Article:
For our Best of Warsaw, it was impossible to pick our favorite craft pub, but a little easier to pick our favorite pub crawl…
Forming almost a perfect triangle, the mass of craft beer pubs that fall within the tips represented by Beer Station, Cześć and Cuda Na Kiju are ripe for a weekend to remember (or forget, depending on how much you imbibe).
Beer Station Centrum
Proudly run by Belarussian exiles (that’s a pre-Lukashenko flag behind the bar), traipse down a plunging set of stairs to reach a cave-like space whose warm brick skin can just about be discerned amid the darkness. For booze, there’s twelve beers on tap and these include some excellent craft swigs along with more standard drinks. The choice is not revolutionary, but this place is loved by all those who like a wild night – the weekends do get messy with a sloshed and diverse crowd.
With over 50 taps to choose from, and even more beers in the fridge(s), the choice at Brewski will make you dizzy – our tip, scope out the offer before turning up by looking at the ontap app. Once the home of the scuzzy, all-hours Piw Paw, Brewski have smartened up the interior (though not the toilet) to add a sense of class with an array of Chesterfield sofas.
Cuda Na Kiju
Nowy Świat 6/12
Opened in 2013, Warsaw’s first legitimate tap bar looks just as edgy as ever slotted inside a glass prism hidden within the megastructure that once housed the Communist Party headquarters. In fact, with so many youthful bars now neighboring it, some would say it’s never enjoyed greater popularity. Notable for its glass walls, spirally staircase and pinball machines, find 15 taps keeping guests amused. Though less niche in its than many of its competitors, this actually acts in its favor by broadening Cuda’s appeal to more than beer nerds.
Compact and box-like, Cześć have transitioned to become one of the cornerstones of Warsaw’s craft scene. Flying in the face of fads and fashions, it’s a bar that feels honest and comfortable in its own skin. Looking pleasantly worn-in after nearly nine-years of service the rotation of beers is brilliantly balanced between new finds and traditional top-sellers from the canon of Artezan, Pinta and other A-class Polish breweries.
Replicating the look of a disused power station, the Double D is a place of rugged brickwork, steel girders, vintage voltage meters and, get this, clanky toilets disguised as elevator shafts. Set over three floors, the 14 craft taps are largely committed to the wild tastes of modern Poland.
Now in their 26th year of business, Gorączka Złota’s longevity is a reflection of the place they hold in Warsaw’s heart. Pungent and poky, this steamy pub glows green at night with creaky wood panels and beery paraphernalia lending it the kind of warm atmosphere that its locals treasure. A bad pint is unknown here with GZ’s five taps complemented by a choice selection of bottles from Poland’s rebel brewers.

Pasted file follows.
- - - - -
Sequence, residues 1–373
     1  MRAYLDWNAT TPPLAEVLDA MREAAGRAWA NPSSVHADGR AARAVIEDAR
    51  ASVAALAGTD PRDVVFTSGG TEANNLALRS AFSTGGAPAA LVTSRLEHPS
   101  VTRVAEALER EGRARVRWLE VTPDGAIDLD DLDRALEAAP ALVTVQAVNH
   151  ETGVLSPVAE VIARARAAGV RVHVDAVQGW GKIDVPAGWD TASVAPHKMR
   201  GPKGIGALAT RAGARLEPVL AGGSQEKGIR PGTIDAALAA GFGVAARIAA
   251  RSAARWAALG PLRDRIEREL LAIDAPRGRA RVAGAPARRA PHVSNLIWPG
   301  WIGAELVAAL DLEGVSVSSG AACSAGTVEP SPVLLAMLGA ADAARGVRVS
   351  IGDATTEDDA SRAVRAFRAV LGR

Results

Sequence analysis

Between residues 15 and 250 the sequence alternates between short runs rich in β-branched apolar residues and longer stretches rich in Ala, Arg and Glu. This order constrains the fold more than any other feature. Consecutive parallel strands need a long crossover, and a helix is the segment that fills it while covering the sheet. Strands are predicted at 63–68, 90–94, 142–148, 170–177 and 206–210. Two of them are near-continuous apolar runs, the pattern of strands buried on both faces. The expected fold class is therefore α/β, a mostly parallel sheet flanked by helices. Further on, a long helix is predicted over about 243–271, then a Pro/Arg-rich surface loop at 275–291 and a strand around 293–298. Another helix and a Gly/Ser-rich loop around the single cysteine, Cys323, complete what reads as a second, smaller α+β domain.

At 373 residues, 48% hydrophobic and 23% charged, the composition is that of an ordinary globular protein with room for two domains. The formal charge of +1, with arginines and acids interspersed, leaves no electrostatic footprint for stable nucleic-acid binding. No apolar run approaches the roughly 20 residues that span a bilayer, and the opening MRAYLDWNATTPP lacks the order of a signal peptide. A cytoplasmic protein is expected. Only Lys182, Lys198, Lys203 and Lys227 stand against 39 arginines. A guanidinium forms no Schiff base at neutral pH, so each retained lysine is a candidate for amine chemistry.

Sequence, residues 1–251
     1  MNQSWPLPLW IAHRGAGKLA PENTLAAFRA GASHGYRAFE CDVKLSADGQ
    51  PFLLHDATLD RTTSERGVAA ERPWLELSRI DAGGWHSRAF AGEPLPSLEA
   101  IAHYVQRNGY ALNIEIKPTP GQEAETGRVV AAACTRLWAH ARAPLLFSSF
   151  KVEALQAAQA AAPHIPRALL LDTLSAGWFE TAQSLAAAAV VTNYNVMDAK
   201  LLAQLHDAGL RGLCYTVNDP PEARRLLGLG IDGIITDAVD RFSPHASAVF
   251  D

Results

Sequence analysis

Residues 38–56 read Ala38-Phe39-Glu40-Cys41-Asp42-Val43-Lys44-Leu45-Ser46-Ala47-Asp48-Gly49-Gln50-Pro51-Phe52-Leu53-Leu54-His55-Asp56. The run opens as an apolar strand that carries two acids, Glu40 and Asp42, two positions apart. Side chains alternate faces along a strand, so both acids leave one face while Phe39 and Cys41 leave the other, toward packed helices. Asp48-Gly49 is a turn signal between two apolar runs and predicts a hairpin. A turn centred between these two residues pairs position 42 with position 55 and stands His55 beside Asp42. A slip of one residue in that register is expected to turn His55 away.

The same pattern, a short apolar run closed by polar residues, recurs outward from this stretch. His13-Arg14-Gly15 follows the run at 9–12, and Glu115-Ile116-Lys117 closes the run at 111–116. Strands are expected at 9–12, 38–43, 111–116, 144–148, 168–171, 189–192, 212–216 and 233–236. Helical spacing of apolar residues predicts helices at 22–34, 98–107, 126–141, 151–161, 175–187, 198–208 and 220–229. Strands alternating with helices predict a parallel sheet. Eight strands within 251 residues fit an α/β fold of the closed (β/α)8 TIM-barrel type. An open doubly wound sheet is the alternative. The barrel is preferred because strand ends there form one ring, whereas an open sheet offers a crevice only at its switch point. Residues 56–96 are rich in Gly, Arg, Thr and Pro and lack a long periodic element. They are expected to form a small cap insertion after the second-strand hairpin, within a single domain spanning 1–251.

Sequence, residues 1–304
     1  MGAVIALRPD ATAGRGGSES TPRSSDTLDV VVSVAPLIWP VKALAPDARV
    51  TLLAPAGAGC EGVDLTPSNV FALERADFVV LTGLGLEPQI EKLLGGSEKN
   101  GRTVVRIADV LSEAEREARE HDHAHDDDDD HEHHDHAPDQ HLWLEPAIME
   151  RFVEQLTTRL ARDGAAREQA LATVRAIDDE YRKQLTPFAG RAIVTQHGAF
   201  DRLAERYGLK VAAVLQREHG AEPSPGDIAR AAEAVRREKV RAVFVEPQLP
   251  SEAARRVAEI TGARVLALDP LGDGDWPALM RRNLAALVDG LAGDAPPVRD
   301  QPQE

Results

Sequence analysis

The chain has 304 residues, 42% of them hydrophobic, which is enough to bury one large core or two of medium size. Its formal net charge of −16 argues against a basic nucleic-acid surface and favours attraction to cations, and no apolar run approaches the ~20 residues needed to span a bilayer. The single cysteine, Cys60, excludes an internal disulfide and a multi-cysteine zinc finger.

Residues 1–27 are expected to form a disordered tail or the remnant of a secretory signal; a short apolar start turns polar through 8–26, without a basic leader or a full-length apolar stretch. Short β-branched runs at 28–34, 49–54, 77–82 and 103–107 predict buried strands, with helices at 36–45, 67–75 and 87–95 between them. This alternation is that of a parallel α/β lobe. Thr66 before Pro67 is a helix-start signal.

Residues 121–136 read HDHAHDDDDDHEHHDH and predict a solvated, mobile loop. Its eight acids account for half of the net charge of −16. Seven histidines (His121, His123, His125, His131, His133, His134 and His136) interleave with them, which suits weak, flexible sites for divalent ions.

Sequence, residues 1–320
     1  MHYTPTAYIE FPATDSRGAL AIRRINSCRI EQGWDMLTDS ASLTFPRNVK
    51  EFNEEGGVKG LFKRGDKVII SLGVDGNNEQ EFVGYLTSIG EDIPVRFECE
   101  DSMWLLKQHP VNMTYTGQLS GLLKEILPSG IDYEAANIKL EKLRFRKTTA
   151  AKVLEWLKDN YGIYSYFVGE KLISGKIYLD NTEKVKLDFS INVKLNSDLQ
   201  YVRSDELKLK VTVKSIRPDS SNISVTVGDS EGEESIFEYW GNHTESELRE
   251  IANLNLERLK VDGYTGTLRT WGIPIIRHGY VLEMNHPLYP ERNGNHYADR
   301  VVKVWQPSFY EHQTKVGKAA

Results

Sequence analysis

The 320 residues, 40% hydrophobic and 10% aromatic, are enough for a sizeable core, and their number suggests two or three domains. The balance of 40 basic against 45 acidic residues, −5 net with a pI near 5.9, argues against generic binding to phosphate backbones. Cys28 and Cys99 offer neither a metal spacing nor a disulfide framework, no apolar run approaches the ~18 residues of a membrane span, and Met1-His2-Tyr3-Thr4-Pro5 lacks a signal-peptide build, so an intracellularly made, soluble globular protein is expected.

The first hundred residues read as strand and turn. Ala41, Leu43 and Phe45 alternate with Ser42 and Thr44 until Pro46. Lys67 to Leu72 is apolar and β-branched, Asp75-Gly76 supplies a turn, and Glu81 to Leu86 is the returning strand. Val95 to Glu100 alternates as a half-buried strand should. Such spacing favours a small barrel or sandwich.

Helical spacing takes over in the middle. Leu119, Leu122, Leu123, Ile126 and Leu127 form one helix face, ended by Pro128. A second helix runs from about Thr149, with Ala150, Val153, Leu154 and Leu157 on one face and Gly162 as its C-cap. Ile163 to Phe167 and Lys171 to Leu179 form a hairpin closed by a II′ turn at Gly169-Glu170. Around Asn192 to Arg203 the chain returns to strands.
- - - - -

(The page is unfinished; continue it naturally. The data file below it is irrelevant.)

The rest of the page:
We don’t know for sure, but we suspect that Hopito was launched to open up the craft scene to the Gen Z crowd. Certainly that’s reflected by a fun interior decorated by Poland’s biggest street artists, as well as other additions such as a beer slushy machine and fun Neapolitan pizzas (who’d have thought of switching tomatoes for mango?). And there’s the beers themselves – known for their wacky tastes, this bar’s namesake brewery specializes in logic-breaking brews such as their blueberry & blackcurrant coffee sour pastry ale.
Comfortable and reliable, Hoppiness are like your favorite slippers – only better tasting. It doesn’t take much of a crowd to generate a bubbly atmosphere full of laughs and cackles, and the buzz is such the interior details get easily lost in the ensuing blur of clinking glasses and random conversation. On the tap front, their diamond dozen gives a 360 view of Poland’s beer scene.
Good old Jabbers will never let you down. A Warsaw institution, the adventurous choice of beers gives nods to international pioneers, domestic talents as well as their own house beers. Pre-war floors and the welcome smell of spillage give it a great atmosphere that becomes a boisterous babble of international voices the later it gets. For something quieter, take your pint next door to their sister bar, Jabeerwocky Junior.
Kufle i Kapsle
KiK could easily be named as Warsaw’s ambassador for craft beer pubs – were that so, it would play its role with distinction. Respectful of the building’s pre-war heritage, the interiors feature a warming back room with low-slung armchairs, but the real action is out front where note-taking nerds and international pissheads join as one to clamor around a bar serving some of the best beer in Poland.
Kufle i Kapsle Nowy Świat
Nowy Świat 27
Our disclaimer: when Kufle opened on Nowy Świat we were far from convinced – actually, we called it mainstream and mediocre. Can we take that back? Warming to it considerably since, it’s a fine choice on a street otherwise suffocated by your typical high street commercialism. Like stepping into a 70s living room, it vibes brilliantly as well.
Delayed by that never-ending lockdown (good riddance!), Pinta’s flagship Warsaw bar didn’t have the best start in life. That hasn’t stopped it from growing to become one of the standout bars the capital can offer: bearing the hallmarks of the previous tenant (Mikkeller), the minimal but primrose-colored Scandi-design keeps the attention on the beer which comes, mainly, from the namesake brewery. Considered the founding fathers of Poland’s craft adventure, the beers are brilliant and fairly priced.